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Veteran actor Joe Morton is now best known for his role on the hit television show, Scandal, but he’s also a big proponent on diversity in Hollywood.

As Papa Pope, Morton is experiencing a career renaissance, although he has credits going back three decades. Morton says that despite the, shall we say, enthusiasm with which he has approached the role, he doesn’t do any ad-libbing of the lines written for him and doesn’t have input on the scripts.

“My input is to show up and know the words,” says Morton.

This season has involved the kidnapping of a main character, if you haven’t been keeping up, which many thought included Papa Pope’s involvement in some way. But as things have played out, he’s not as involved as it may have been speculated.

“As I’ve said in the past, when Papa Pope says something, that’s usually what’s going on,” Morton says, so he wasn’t surprised about how things worked out.

As for his ever-growing fan base, Morton says he hasn’t had too many crazy encounters with rabid Scandal fans.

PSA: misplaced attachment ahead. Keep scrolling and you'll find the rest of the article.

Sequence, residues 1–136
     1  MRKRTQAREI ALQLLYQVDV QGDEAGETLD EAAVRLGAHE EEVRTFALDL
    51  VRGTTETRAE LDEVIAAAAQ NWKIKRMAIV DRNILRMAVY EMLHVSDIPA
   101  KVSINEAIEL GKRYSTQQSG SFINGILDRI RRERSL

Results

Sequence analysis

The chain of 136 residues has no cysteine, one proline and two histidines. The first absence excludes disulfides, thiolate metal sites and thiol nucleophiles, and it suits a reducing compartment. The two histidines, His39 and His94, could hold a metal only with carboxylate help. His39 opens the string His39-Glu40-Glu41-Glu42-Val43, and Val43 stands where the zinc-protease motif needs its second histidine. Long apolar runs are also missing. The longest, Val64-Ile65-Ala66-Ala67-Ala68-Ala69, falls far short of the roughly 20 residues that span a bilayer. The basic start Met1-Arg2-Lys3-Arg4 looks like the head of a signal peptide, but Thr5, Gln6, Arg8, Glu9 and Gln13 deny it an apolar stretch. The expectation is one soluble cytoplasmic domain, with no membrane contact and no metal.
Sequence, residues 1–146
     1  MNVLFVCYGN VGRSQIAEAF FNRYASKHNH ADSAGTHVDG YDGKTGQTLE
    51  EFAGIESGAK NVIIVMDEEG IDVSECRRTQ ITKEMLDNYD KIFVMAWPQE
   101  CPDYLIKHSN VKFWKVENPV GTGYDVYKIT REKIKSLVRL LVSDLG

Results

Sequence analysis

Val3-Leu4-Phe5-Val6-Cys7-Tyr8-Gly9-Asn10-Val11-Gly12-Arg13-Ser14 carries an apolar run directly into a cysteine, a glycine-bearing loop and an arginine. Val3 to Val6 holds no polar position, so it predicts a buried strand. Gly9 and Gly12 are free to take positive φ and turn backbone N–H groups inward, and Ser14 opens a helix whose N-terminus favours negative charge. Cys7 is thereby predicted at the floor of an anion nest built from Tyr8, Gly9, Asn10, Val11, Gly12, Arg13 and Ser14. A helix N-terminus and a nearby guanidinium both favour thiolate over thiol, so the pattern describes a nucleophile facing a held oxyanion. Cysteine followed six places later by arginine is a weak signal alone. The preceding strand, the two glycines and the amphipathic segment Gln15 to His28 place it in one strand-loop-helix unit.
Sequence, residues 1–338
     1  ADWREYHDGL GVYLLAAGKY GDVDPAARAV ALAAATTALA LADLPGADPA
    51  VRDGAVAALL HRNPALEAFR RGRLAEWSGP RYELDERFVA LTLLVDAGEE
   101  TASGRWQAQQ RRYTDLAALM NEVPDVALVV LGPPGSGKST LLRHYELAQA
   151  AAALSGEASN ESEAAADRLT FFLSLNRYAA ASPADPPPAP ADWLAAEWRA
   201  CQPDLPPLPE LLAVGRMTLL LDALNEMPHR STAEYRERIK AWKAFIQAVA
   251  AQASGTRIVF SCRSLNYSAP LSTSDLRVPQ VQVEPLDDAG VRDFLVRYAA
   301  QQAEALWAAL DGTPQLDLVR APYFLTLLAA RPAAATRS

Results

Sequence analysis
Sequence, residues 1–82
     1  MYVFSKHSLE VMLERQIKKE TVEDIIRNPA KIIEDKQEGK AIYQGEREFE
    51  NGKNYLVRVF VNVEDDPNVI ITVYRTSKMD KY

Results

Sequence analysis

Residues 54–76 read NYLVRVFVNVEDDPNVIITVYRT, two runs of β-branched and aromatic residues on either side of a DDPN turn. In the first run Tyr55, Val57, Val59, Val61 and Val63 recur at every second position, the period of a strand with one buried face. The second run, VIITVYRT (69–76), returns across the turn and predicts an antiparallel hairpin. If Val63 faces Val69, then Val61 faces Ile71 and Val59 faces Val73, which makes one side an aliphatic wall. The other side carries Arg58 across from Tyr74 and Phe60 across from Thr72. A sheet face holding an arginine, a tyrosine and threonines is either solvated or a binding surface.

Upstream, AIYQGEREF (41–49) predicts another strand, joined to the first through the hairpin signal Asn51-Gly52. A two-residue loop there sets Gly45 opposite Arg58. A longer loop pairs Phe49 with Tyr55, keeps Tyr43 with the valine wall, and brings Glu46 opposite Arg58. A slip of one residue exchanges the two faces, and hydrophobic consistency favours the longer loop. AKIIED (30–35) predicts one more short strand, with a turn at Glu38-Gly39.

“The beauty of the character is that people love to hate Papa Pope,” he says. “So usually, I get things like I hate you on the show but we love you. Or I’ll get stuff like ‘you should be better to your daughter.’

Morton has other creative talents as well. He’s just penned an op-ed piece about the Oscars and racism, just ahead of the big show on Sunday night.

“It’s about the history of what’s going on with the Oscars and how people view film,” Morton says. “It’s probably not racist that Ava DuVernay wasn’t nominated. If we went down the annals of the Oscars, there’s probably a lot of directors that didn’t get nominated. But on the other hand, Hollywood in general deals with so-called Black film somewhat like a mistress. Some time, some attention, some money but never enough.”

Morton says that though filmmakers have achieved some success with films about slavery, struggle and resistance like Selma, he’d like to see more movies about Black life that deals with everyday, contemporary issues.

“I’d like to see Black films that just talk about life, not just the struggle for equality. I’d like to see Hollywood help Black filmmakers talk about Black life as opposed to equality. That’s part of what we are, that’s not all of what we are.”

Click HERE for Morton’s take on Hollywood, The Oscars, DuVernay’s Oscar snub and racism in the movie industry.

Listen to the entire interview for more on Morton’s thoughts about Black movies above!

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